To: The Mainstream News Media
From: A former reporter/news junkie
Re: Put The Champagne Away. The Party Is Over. Now Get Back To Work
First, thanks again – both as a journalist for more than 10 years and a human – for doing such an excellent job on Katrina.
Along with others, I wrote about some great media accomplishments during the disaster.
It was inspiring to see some reporters working so hard under terrible conditions.
That said, it’s time for the celebrating and the self-congratulations to stop.
The fact of the matter is the reason the journalism was exciting was because reporters were once again asking tough questions, having gotten their spine back from whereever it has been stored in recent years.
Put another way, journalists are praising each other for doing what they are supposed to be doing, asking tough questions, using their B.S. detectors, etc.
This would be like writing columns thanking doctors for doing operations, cops for catching robbers, and rock stars for, well, rocking.
As I read three newspapers and many media blogs daily, I see story after story of reporters, editors, and columnists talking about their finest hour.
Well, that hour is over and it’s time to get back to work and show us, the readers and viewers, that you can continue to be aggressive on other issues.
The disaster and its aftermath raised some excellent questions which will hopefully not be forgotten, from when it is acceptable – if ever – to publish photos of dead bodies to whether the media should help people in dangerous conditions even it may mean losing the story.
Resist the urge to get bogged down in blame game stories. Those get old fast.
And please resist the temptation to cover every other hurricane as if it is going to be the next Katrina. It won’t be.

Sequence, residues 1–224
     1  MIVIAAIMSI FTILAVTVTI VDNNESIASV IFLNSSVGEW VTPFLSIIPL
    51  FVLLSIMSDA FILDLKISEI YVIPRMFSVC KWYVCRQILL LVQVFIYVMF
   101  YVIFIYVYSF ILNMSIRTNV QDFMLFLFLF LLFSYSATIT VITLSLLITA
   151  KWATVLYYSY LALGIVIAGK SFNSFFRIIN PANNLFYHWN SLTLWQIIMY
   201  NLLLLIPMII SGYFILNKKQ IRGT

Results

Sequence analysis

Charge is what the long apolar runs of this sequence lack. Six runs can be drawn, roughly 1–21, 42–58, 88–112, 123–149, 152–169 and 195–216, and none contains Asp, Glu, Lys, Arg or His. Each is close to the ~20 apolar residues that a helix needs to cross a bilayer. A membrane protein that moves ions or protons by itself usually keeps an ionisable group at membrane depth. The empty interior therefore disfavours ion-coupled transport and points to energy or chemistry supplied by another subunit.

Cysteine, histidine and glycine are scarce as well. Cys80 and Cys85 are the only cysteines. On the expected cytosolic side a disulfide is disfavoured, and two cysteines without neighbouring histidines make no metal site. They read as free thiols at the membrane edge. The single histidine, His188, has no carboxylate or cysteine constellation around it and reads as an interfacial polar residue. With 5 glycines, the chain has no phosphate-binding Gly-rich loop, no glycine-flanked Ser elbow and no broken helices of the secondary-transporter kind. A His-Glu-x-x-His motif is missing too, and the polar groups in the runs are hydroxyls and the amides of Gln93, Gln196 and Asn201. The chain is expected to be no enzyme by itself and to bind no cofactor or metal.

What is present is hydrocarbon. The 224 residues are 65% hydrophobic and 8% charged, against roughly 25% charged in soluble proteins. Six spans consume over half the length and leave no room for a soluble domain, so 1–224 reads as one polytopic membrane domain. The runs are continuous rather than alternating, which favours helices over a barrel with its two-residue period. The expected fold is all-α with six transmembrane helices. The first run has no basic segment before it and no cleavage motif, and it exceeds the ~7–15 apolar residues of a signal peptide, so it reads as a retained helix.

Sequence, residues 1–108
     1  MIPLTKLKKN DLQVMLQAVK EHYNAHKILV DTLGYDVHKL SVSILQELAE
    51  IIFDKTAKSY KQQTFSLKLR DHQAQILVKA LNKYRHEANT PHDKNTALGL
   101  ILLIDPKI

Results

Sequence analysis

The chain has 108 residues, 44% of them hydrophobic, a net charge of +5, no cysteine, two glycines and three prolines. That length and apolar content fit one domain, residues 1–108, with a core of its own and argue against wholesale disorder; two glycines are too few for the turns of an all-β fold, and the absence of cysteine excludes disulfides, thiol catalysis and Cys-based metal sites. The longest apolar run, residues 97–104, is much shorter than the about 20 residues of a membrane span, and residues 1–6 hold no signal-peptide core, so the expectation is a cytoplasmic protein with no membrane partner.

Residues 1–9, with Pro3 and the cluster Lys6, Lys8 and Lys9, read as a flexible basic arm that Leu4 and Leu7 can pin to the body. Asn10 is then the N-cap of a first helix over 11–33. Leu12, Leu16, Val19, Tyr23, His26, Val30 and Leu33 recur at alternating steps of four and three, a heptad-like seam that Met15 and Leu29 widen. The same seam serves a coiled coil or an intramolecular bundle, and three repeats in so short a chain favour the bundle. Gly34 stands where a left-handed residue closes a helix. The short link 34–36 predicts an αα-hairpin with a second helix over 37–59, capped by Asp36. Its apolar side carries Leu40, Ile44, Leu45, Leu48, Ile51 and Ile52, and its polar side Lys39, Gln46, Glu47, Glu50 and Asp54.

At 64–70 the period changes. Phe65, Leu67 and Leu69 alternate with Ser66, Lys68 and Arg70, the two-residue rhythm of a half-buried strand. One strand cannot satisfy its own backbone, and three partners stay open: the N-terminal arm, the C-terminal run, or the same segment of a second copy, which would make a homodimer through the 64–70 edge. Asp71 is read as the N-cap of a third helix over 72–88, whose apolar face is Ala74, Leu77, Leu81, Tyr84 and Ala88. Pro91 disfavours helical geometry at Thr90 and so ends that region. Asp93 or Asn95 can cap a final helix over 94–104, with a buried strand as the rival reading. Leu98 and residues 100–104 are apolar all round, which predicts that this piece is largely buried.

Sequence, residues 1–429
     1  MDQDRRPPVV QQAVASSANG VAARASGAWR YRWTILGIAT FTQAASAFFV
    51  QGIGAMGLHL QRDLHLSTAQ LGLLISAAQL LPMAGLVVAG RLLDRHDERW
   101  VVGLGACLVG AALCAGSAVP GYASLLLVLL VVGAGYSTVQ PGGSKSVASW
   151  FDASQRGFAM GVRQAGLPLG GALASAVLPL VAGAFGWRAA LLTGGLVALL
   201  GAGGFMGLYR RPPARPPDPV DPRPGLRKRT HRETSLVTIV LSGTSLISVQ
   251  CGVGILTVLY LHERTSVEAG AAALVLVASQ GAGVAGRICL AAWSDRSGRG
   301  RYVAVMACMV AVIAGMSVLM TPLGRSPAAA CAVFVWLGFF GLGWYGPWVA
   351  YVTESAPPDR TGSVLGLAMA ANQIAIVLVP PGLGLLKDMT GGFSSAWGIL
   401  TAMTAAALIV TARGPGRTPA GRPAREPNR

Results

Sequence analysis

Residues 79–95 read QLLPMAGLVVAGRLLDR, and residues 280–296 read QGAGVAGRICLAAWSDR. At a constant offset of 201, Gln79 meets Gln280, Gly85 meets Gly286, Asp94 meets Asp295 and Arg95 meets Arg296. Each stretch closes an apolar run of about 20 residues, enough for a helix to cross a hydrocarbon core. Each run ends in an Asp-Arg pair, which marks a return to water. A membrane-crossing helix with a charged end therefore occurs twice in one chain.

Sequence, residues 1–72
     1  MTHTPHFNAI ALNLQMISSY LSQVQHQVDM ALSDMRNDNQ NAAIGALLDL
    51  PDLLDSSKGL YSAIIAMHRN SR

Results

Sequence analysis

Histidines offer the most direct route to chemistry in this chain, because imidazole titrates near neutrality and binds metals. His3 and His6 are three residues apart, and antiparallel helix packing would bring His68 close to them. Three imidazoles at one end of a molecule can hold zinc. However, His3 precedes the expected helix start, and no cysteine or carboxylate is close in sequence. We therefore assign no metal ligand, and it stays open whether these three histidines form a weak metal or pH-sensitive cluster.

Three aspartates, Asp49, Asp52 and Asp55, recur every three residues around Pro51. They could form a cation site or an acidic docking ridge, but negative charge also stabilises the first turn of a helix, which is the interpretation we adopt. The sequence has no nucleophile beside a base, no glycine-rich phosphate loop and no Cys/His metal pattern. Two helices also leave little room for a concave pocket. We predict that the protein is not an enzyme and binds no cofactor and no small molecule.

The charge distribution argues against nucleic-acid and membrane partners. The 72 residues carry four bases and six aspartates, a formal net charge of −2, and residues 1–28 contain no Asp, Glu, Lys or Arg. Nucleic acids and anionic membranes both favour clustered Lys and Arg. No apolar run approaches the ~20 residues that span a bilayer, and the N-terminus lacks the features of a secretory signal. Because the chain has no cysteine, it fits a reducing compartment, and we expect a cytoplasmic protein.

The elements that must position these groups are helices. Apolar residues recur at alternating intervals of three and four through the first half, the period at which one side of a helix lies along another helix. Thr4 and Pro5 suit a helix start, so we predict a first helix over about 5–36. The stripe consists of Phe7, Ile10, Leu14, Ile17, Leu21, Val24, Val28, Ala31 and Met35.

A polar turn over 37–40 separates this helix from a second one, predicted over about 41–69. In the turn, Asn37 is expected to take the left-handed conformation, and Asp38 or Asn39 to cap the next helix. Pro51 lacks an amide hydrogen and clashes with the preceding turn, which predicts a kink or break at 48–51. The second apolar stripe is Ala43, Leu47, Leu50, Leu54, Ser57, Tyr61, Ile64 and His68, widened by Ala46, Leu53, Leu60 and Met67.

Ask yourself why the Daily Show does a better job covering some of these issues than “real” news shows.
Meanwhile, some of you are facing some sobering news about the media industry:
– The New York Times announced it was cutting 500 jobs, 4 percent of its workforce, the same day the Philadelphia Inquirer announced a planned buyout of 15 percent of its newsroom.
– The Washington Post made a move demonstrating even the big media organizations sometimes have their priorities all wrong as death notices were bumped to make way for ad space. Its ombudsman rightly took them to task.
– A weekly called the Washington Post on something that many newspapers are sadly guilty of: Giving more coverage to white crime victims than poor black crime victims.
– And a stringer for the New York Times in Iraq was killed. There’s nothing like
losing a media colleague to wake up members of the media.
If you don’t believe me, watch the documentary Control Room sometime. In fact, that can be your homework assignment.
Until next time,
I remain your intrepid media observer & analyst
P.S. In my next piece I’ll write about how the mainstream media – particularly the New York Times and the Washington Post – are dealing with changes brought about by the Internet.